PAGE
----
Category Archives: psychiatry

Serotonin and Norepinephrine Reuptake Inhibitors, or SNRIs

Serotonin and Norepinephrine Reuptake Inhibitors, or SNRIs:

  • Duloxetine (Cymbalta)
    • For Depression: Cymbalta should be administered a total dose of 40mg/day (20mg 2x daily) to 60 mg/day (given either 1x daily or 30mg 2x daily). There is no evidence that doses greater than 60mg/day give additional benefits.
    • 20 mg opaque green capsules imprinted with “Lilly 3235 20mg”
    • 30 mg opaque white and blue capsules imprinted with “Lilly 3240 30mg”
    • 60 mg opaque green and blue capsules imprinted with “Lilly 3270 60mg”
cymbalta

Cymbalta 60mg

  • Venlafaxine (Effexor XR)
    • Immediate release:
      Initial dose: 37.5 mg orally twice a day or 25 mg orally 3 times a day
      Maintenance dose: May increase in daily increments of up to 75 mg at intervals of no less than 4 days
      Maximum dose: (moderately depressed outpatients): 225 mg/day
      Maximum dose (severely depressed inpatients): 375 mg/day
      Daily dosage may be divided in 2 or 3 doses/day
      Extended release, or XR:
      Initial dose: 75 mg orally once daily
      Maintenance dose: May increase in daily increments of up to 75 mg at intervals of no less than 4 days
      Maximum dose (moderately depressed outpatients): 225 mg/day
      Maximum dose (severely depressed inpatients): 375 mg/day
    • EffexorXR 75 and 150mg

      EffexorXR 75 and 150mg

  • Desvenlafaxine (Pristiq)
    • 50 mg 1x daily, with or without food.

      pristiq

      Pristiq 50mg

Common Side Effects:

  • Nausea
  • Dry mouth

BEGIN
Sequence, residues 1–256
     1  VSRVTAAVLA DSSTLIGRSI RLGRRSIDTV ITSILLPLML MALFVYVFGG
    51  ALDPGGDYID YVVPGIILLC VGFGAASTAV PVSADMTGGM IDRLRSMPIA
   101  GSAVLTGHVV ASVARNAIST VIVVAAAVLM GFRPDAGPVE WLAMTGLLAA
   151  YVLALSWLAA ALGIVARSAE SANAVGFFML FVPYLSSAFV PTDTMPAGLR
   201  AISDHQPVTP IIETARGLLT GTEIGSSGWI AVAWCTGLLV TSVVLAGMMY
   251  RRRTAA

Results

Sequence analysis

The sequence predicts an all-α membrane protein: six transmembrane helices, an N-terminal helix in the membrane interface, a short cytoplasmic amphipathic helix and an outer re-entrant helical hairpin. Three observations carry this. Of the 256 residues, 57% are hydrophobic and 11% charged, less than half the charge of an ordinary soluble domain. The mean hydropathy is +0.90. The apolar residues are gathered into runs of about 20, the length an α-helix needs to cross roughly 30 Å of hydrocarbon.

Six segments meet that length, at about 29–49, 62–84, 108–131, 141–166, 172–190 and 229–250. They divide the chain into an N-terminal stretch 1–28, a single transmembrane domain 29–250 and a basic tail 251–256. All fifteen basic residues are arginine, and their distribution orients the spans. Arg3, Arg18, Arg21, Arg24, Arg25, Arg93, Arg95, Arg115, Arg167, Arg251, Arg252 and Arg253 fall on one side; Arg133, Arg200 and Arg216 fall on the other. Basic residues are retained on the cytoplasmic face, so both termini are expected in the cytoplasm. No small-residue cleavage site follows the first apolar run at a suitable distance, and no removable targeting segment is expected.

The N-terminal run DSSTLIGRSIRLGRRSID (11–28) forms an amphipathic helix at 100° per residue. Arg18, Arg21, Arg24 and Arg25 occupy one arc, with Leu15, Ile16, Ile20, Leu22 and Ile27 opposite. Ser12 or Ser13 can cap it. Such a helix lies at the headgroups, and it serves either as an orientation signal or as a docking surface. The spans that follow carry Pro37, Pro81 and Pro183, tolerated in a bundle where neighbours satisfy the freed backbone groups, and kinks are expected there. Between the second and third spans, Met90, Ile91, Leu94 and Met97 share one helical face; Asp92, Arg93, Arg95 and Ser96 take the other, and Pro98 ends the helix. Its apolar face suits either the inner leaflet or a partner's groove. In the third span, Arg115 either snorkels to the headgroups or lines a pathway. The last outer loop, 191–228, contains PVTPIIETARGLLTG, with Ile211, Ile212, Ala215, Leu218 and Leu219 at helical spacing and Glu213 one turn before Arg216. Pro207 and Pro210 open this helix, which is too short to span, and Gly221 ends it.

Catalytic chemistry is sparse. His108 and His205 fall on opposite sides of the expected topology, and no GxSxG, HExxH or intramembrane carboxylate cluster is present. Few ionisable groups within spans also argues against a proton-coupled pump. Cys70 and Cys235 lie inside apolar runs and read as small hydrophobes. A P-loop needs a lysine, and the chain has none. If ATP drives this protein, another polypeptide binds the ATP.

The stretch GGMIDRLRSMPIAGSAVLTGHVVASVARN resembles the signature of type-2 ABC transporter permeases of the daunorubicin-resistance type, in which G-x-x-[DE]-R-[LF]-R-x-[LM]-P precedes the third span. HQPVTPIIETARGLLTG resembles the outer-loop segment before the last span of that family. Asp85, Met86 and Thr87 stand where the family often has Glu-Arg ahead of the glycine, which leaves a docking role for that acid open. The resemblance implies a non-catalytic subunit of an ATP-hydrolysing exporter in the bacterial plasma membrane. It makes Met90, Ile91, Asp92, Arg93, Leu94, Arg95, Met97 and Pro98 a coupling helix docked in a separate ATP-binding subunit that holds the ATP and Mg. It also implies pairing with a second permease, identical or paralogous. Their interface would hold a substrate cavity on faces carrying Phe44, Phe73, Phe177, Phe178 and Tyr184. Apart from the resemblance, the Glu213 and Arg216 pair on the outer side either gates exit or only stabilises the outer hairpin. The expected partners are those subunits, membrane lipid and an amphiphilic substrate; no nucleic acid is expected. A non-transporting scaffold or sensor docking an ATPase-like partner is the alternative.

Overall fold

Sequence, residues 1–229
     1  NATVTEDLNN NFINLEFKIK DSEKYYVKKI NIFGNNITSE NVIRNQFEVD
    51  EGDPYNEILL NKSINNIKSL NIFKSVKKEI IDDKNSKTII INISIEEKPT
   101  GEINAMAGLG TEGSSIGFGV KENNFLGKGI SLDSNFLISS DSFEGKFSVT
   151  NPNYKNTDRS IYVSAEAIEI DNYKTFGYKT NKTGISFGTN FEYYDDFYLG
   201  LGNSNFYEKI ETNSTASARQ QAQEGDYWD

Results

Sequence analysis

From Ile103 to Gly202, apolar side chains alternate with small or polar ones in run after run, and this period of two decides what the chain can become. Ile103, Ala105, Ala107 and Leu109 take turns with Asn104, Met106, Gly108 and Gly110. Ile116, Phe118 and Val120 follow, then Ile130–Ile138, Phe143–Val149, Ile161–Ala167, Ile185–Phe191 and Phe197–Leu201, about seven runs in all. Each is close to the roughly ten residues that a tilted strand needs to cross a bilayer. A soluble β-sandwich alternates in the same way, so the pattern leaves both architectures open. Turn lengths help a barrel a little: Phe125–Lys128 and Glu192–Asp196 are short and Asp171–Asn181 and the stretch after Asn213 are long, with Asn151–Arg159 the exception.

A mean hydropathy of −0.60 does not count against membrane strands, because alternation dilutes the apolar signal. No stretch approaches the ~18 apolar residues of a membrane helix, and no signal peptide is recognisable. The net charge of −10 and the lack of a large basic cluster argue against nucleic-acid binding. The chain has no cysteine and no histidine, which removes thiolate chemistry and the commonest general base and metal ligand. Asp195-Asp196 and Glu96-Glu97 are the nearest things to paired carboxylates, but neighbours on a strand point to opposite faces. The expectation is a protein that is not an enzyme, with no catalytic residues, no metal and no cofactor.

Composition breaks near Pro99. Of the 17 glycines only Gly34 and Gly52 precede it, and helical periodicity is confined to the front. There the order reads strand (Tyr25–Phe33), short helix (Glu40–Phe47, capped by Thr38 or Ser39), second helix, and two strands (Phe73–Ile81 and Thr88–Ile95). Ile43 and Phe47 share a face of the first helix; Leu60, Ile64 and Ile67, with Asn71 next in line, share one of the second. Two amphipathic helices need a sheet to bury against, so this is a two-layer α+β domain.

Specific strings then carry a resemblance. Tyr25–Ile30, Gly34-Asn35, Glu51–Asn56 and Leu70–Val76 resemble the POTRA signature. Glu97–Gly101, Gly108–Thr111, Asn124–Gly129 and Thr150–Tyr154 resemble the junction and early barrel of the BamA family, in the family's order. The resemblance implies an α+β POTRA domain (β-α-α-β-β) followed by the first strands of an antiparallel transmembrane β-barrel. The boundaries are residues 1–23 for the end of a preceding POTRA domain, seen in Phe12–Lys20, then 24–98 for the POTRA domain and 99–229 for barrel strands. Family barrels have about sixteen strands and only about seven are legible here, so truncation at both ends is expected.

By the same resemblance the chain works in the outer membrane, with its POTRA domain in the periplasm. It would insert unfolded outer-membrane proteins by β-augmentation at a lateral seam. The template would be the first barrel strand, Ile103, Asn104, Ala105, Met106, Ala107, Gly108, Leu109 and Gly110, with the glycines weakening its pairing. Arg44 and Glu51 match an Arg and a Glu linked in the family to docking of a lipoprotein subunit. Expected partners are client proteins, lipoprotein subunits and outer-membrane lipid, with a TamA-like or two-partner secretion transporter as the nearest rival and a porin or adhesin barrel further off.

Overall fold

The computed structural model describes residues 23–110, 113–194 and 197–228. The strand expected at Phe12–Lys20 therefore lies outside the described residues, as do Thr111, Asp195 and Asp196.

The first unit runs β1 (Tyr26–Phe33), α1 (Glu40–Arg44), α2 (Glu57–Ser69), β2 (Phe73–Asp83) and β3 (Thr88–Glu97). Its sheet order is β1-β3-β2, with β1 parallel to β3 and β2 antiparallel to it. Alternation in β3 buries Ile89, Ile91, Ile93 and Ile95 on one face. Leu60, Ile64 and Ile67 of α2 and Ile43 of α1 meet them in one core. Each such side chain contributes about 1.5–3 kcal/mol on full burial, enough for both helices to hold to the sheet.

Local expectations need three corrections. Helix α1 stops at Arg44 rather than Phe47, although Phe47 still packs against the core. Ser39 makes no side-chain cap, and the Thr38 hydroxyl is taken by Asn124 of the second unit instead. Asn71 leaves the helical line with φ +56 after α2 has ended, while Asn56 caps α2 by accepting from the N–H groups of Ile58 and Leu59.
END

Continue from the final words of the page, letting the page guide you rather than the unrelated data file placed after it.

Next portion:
• Dizziness
  • Excessive sweating

Other side effects may include:

  • Tiredness
  • Difficulty urinating
  • Agitation or anxiety
  • Constipation
  • Insomnia
  • Sexual problems, such as reduced sexual desire, difficulty reaching orgasm, or the inability to maintain an erection (erectile dysfunction)
  • Headache
  • Loss of appetite

IMPORTANT: Pharmaceutical companies HAVE to list every side effect reported during clinical trails. So, just because a medication lists a certain side effect does not mean YOU will get it. In fact, most people experience very few side effects and with continued use (2 weeks and beyond), most of the initial side effects dissipate, or resolve completely.

Statistics, logistics and ballistics

Most of the time, I hate stats. It’s one of my least favorite subjects. Frankly, I think most people would agree. But, it’s a necessary evil in this field. So, I put together a few points of logistical relevance so you don’t have to go ballistic on this stuff!

5 takeaway points for evaluating statistics and drug studies:

1-Even in a double-blind study, reported side effects can tip off the clinician as to whether the subject has received the placebo, or the actual treatment.
2-The placebo effect-is shown when a sugar pill is given to the control group and can lead to positive (and less likely negative) symptoms just simply by receiving something from a clinician. This speaks to the power of the mind.
3-Our mind can work against us, too, with the nocebo effect-setting someone up for possible negative side effects by telling them that “you may get all these side effects, or symptoms: lupus, scleroderma, blurred vision, dry mouth, and left foot paralysis.” It never fails that someone will report left foot paralysis!! As you may know there is not a single drug That’s the power of suggestion!
4-Here’s a great tip when deciding whether to read a study, or not. If your confidence interval is <1.0 it IS statistically significant!! If it includes 1.0, don’t read the study because it is NOT statistically relevant.
5-Risk ratio-is the point estimate used for cohort studies.

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